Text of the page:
Each year, there are approximately 20 million new cases of sexually transmitted infections (STIs) in the United States.1 Sexually transmitted infections are often asymptomatic or present with mild symptoms, making them difficult to diagnose and treat.2 The price of these infections is steep; sequelae include pelvic inflammatory disease, infertility, and cervical cancer.2 Health care costs related to STIs and their complications total nearly 16 billion per year.2 Rates of STI peak in young adulthood, with about one third of reported cases of gonorrhea and chlamydia occurring among those aged 20 to 24 years, and over half of infections occurring before the age of 25 years.1
A strong and consistent relationship has been found between childhood sexual abuse and sexual risk behavior including unprotected intercourse, early onset sexual activity, sex trade involvement, sex while using drugs or alcohol, multiple partnerships, and STI.3–7 Although some studies have found similar associations for childhood physical abuse and neglect, this research is far less conclusive.8–11 These studies are largely cross-sectional and fail to monitor trends over time. Few are nationally representative, but rather examine homogenous groupings by race, class, geography, or risk profile.12–16 Furthermore, men and women are often studied separately, and studies that include both do not necessarily consider gender as a moderator.17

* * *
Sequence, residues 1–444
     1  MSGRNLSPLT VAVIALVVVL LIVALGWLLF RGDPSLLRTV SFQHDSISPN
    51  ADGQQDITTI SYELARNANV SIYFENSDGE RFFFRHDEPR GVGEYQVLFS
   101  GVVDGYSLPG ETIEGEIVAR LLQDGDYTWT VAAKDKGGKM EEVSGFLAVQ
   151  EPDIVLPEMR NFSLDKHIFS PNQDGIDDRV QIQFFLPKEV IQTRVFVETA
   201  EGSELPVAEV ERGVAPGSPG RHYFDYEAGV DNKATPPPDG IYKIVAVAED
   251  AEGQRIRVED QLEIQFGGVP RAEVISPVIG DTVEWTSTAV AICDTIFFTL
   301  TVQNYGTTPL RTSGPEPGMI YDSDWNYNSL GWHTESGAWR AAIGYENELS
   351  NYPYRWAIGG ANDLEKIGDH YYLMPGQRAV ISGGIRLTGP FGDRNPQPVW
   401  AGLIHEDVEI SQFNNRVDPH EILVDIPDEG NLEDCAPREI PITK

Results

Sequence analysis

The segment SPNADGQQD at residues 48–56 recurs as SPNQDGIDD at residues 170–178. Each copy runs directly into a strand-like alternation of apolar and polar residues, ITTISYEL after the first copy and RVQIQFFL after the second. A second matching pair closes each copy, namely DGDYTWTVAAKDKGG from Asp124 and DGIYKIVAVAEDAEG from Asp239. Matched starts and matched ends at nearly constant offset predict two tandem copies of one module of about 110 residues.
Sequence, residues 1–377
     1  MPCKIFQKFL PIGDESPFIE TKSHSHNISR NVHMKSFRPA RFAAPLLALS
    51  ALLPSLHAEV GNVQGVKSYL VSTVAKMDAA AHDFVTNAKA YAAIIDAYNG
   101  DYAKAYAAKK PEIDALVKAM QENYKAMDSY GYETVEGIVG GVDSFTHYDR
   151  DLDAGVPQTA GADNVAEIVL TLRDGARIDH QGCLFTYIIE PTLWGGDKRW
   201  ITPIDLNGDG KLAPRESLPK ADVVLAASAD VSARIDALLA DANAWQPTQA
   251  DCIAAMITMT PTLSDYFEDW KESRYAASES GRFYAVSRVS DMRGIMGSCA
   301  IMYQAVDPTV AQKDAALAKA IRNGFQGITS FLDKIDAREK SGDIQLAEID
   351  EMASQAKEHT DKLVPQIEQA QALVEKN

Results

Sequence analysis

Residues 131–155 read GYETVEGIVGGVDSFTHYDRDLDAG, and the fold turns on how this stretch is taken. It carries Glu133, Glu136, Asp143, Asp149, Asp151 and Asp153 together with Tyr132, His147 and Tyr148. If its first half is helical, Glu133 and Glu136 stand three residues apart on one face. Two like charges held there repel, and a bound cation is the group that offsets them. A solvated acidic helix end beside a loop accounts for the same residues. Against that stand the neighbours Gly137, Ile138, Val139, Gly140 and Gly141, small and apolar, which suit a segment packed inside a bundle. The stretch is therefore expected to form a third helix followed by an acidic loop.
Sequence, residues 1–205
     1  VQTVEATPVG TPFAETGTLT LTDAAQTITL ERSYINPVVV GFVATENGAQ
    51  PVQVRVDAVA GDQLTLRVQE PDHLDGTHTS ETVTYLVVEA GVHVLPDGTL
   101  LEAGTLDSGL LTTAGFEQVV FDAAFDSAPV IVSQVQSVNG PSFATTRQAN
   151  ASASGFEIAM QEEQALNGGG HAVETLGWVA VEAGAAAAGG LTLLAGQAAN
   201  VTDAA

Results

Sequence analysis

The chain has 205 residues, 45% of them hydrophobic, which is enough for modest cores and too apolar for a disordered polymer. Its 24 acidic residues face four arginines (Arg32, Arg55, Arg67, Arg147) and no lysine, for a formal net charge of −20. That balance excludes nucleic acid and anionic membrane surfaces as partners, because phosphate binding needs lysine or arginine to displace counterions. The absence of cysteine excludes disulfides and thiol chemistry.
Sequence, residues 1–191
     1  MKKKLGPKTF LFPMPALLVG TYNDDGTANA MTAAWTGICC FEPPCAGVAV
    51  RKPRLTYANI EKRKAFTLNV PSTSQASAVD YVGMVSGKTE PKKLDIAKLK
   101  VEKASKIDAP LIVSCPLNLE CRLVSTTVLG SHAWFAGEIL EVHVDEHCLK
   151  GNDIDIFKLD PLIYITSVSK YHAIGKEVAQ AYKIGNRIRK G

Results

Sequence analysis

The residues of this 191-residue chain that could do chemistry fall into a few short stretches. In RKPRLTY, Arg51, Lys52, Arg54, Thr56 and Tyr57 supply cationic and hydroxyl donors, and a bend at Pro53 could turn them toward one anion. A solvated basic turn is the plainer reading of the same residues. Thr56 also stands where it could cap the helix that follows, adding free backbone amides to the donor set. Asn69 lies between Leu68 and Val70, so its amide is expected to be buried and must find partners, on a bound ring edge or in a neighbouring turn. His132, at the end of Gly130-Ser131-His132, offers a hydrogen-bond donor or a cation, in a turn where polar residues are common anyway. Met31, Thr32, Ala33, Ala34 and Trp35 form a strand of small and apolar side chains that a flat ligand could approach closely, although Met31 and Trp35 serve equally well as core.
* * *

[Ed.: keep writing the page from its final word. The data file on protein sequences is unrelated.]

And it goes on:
A small body of research has linked exposure to direct (experienced or threatened) and indirect (witnessed) violence and sexual risk outcomes. Many of these studies use a single violence variable that does not distinguish between effects of direct and indirect exposures.18–20 Those that do study these effects separately often use geographically specific or high-risk population samples that are not generalizable.21–24
Two important studies of adverse childhood experiences (ACEs) examined 7 ACEs, 4 of which were indicators of household dysfunction, including having a battered mother and household members who abused substances, had mental illness, or were incarcerated.25,26 Hillis et al25 found that increasing number of ACEs had a graded relationship with self-reported STI among men and women, and with early first sexual intercourse, self-perceived acquired immune deficiency syndrome risk and number of sexual partners in a female-only study.26 Each of the 7 ACEs tended to be associated with the outcomes; however, models were not adjusted for other ACEs to estimate the independent associations.